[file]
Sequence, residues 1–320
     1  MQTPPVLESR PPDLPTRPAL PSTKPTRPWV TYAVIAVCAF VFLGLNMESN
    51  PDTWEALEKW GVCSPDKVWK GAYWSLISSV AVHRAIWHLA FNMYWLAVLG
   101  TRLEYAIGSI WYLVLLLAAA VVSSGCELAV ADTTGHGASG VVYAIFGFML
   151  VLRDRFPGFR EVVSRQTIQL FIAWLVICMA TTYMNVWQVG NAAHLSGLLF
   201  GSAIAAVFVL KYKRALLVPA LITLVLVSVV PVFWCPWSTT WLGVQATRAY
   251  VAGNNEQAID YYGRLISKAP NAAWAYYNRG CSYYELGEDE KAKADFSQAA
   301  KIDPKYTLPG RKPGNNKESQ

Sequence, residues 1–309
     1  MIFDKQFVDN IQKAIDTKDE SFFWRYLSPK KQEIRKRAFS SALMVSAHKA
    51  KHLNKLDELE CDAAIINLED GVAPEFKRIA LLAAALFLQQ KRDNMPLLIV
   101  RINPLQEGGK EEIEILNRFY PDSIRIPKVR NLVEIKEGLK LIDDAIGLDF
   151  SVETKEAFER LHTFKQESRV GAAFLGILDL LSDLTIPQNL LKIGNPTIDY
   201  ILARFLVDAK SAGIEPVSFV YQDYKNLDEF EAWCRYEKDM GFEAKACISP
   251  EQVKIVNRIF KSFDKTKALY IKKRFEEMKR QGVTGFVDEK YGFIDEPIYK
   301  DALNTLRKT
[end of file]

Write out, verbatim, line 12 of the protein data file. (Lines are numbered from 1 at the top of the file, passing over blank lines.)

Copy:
   101  RINPLQEGGK EEIEILNRFY PDSIRIPKVR NLVEIKEGLK LIDDAIGLDF